Wednesday, October 13, 2010

Jon is a battlefield

"We are young...heartache to heartache we stand..."

I am under attack.  A virus has made its home in my epidermis.  But I will not yield.  I will fight it on the plantar.  I will fight it on the toes.  I will never surrender!  Cue "Aces High" by Iron Maiden.
What does that all mean?  Two weeks ago, I visited my physician to determine the nature of the crinkly, rough-textured indentation on the heel of my right foot.  Much to my disgust, she told me it's a wart.  Ditto for the tiny, button-like protrusions on my left middle toe.  I felt filthy.  Unclean.  And anyone who knows me will tell you that I am nigh OCD when it comes to cleanliness and germophobia. 
So the doc tells me it has nothing to do with cleanliness and more to do with the acquisition of the human papillomavirus, something that anywhere between 10-15% of the population has at any given time.  Plus, although it is benign, the virus highly contagious.  That didn't help me much, the notion that there was a virus feeding and growing upon my skin was...repulsive.

Then I found this article in Wired from a few years back.  Turns out that people are really human-bacteria hybrids.  The majority of the cells growing in our bodies right now are not ours.  They're not even human. They are bacteria.  They reproduce plentifully on your feet, kept warm and dark by your shoes and fed by your sweat and dead skin cells.  Their respiration causes that distinct odor that wafts upward once shoes are removed.  Bacteria abound in your digestive tract as well.  In fact, we couldn't break down our food without them.  Amazing when you think about it.  We're the product in so many ways of tiny organisms that live on us and inside us.  I'll refrain from making midichlorian comparisons, mainly because I think they were a dumb idea to begin with.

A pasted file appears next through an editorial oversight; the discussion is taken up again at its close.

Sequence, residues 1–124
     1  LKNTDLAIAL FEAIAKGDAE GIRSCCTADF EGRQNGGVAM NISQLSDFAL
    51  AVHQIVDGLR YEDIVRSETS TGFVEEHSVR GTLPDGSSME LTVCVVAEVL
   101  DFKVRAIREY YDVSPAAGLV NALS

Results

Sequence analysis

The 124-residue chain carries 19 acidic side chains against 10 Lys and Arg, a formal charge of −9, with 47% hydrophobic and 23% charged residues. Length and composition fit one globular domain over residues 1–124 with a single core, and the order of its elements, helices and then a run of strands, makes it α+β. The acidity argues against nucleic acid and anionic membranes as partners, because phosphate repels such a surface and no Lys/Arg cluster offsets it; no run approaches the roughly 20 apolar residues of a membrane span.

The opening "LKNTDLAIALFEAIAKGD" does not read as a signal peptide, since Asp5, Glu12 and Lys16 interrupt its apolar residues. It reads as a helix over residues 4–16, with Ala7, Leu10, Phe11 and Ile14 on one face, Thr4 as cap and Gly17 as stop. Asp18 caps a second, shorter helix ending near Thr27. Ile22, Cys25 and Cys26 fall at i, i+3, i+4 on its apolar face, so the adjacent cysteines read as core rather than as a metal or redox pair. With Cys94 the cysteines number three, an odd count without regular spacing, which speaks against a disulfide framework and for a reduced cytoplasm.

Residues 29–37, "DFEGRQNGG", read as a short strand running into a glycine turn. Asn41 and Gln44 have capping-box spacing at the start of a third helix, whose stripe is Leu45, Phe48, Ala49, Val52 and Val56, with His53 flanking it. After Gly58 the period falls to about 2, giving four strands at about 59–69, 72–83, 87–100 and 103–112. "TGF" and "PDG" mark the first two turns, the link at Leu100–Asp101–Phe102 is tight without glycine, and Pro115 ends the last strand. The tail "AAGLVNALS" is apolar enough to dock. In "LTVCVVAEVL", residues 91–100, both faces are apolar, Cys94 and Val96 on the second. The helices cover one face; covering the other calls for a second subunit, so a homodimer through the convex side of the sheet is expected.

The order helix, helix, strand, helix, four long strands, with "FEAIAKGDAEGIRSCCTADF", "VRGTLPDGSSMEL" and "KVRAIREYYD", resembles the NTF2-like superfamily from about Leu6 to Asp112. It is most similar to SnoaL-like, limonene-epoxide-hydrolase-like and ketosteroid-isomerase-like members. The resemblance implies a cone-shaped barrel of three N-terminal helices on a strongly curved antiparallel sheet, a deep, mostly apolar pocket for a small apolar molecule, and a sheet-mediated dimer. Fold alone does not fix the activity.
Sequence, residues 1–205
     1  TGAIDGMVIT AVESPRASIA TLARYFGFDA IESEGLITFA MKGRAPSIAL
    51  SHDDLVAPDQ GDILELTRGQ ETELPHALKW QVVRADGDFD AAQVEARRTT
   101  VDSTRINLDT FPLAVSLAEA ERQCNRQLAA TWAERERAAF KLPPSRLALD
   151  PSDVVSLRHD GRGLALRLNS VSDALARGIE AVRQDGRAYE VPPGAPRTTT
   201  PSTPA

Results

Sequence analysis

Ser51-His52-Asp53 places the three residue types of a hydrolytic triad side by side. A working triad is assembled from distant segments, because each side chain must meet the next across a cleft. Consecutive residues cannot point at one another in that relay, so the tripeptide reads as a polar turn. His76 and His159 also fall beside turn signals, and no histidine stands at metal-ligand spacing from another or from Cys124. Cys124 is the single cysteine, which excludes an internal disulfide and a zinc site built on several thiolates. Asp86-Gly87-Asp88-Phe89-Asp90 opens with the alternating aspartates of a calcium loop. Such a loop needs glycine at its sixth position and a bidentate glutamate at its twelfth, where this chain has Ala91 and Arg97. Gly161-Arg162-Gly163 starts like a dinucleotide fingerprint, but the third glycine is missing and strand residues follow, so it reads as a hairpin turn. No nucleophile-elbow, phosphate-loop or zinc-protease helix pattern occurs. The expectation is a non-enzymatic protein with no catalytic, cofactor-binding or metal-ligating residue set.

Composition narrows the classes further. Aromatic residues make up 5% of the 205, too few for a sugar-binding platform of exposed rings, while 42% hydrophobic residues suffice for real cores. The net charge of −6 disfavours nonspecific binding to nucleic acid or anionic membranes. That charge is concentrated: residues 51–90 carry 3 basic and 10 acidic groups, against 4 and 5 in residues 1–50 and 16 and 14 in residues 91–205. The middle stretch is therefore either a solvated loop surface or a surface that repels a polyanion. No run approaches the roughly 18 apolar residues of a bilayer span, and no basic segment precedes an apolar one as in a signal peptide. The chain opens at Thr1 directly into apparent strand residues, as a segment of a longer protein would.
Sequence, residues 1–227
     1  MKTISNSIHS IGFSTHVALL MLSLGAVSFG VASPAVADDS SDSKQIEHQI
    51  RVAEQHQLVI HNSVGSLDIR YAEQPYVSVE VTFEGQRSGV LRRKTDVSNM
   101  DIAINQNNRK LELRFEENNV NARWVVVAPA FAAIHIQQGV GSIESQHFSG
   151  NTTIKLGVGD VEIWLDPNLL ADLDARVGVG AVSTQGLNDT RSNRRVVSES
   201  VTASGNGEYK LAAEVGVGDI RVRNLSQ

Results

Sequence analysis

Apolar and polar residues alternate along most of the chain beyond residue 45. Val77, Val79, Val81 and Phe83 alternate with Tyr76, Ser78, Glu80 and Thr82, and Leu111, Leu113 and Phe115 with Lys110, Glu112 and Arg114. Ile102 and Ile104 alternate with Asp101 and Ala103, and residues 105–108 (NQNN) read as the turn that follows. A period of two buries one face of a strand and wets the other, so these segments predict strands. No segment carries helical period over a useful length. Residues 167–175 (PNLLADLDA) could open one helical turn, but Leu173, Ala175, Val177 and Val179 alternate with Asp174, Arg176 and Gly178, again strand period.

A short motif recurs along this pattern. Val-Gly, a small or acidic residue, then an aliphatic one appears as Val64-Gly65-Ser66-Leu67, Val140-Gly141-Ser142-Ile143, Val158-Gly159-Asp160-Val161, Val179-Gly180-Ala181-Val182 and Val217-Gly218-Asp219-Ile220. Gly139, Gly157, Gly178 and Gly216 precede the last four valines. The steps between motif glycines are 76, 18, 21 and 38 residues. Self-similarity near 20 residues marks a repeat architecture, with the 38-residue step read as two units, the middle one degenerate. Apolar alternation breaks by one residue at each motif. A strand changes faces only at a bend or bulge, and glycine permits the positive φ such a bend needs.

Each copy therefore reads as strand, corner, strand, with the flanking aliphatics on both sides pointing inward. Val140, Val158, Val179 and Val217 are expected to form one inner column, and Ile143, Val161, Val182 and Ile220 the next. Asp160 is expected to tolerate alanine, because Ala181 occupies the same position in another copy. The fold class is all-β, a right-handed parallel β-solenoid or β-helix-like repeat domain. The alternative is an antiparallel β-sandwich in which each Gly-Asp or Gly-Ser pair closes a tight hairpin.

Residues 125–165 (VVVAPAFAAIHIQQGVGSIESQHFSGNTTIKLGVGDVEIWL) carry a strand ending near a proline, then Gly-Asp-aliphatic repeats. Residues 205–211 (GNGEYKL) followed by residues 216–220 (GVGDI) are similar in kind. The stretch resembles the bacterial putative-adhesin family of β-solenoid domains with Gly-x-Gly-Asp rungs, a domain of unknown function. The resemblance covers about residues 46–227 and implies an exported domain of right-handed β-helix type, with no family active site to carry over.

So I wasn't feeling so bad.  Except that a virus is generally something that you don't want to carry around with you.  Thus, I commenced an all-out salicylic acid assault on the occupied areas of my feet.  The doc also recommended using duct tape on the warts, but I just can't bring myself to attempt a homeopathic remedy that sounds as if it were concocted by two guys in orange hunting jackets as they downed a case of Old Milwaukee.  So acidic ointment it is.
We are two weeks into the battle.  The smaller invaders on the left foot have been driven off, but the plantar on the right is tenacious.  Dug in like the Allies at Bastogne.  I thought about taking photos but decided to spare you.  Again and again I hit it with the salicylic acid in a regimen of twice a day.  The wart has retaliated by forming a cream-colored, hardened defense shield over itself.  One layer of skin peels off and I find the infection goes deeper still.  The acid at times spills over onto pink, healthy skin, causing a burning sensation that is rather unpleasing.  Still I fight on.
A brown, rooty, mosaic pattern has formed beneath the shell, like a computer-generated fractal display.  Perhaps that means the end is in sight?  Here's to hoping.
I don't mind being a human-bacteria hybrid.  Maybe not even a human-viral hybrid.  Just as long as my health doesn't suffer.  
And they pay rent.

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